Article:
آموزش و استراتژی سیاست های پولی بانک مرکزی اروپا
|کد مقاله||سال انتشار||مقاله انگلیسی||ترجمه فارسی||تعداد کلمات|
|23119||2004||14 صفحه PDF||سفارش دهید||محاسبه نشده|
Publisher : Elsevier - Science Direct (الزویر - ساینس دایرکت)
Journal : Journal of International Money and Finance, Volume 23, Issues 7–8, November–December 2004, Pages 997–1010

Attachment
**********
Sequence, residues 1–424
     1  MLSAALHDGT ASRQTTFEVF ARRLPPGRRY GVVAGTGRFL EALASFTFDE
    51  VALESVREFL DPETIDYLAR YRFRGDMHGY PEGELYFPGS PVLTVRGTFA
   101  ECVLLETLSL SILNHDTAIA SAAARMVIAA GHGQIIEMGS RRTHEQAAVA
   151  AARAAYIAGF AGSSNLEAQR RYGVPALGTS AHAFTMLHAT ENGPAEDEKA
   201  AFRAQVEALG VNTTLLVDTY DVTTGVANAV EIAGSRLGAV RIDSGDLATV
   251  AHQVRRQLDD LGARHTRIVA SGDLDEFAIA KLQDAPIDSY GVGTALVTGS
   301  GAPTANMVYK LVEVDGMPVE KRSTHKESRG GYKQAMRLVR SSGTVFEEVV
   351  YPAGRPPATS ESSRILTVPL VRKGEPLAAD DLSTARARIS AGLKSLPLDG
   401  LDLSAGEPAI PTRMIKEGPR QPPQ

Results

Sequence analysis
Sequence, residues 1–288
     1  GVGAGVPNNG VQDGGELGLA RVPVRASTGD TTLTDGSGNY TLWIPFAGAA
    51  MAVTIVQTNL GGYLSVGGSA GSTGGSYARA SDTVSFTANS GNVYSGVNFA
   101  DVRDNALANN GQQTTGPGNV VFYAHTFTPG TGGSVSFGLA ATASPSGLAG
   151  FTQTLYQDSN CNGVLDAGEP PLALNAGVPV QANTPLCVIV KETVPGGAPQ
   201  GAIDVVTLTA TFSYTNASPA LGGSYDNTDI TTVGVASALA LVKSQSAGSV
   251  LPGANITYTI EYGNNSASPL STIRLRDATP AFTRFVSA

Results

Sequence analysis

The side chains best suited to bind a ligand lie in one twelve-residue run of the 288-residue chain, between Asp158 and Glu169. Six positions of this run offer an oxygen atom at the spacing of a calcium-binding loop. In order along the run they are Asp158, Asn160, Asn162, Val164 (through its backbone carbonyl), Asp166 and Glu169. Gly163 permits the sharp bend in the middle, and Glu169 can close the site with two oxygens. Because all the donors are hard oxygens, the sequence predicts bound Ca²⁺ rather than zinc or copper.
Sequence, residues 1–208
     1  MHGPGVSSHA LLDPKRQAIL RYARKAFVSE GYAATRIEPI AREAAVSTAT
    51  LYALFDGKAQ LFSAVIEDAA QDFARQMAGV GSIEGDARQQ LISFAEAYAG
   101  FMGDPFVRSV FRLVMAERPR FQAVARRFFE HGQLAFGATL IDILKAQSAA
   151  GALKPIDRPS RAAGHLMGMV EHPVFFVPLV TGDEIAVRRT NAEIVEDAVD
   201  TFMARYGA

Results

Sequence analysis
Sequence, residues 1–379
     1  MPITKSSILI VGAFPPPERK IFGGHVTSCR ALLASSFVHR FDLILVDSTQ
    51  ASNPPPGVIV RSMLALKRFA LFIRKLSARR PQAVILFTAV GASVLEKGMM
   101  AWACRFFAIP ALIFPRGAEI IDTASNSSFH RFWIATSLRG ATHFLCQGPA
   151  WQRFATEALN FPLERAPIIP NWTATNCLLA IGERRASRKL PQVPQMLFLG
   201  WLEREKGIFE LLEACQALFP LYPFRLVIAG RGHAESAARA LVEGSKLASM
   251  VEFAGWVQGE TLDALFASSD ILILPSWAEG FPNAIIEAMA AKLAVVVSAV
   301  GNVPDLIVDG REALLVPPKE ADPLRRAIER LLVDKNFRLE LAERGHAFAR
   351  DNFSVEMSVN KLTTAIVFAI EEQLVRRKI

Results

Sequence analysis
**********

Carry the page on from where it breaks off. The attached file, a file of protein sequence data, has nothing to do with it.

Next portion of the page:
This paper examines the welfare implications of alternative inflation targeting proposals for the monetary policy of the European Central Bank. We assume that policy makers have to “learn” the laws of motion of inflation in an economy characterized by “stickiness” in domestic price setting behavior and subjected to recurring shocks to productivity, exports and foreign price. We find that a switch from an “asymmetric” inflation targeting strategy to an “symmetric” makes little difference in welfare payoffs, but it comes at a cost of much higher interest-rate variability. We also find that there are practically no welfare gains from switching from an inflation-targeting strategy based on the Harmonized Index of Consumer Prices (HICP) to a strategy based on the domestic price component of the HICP.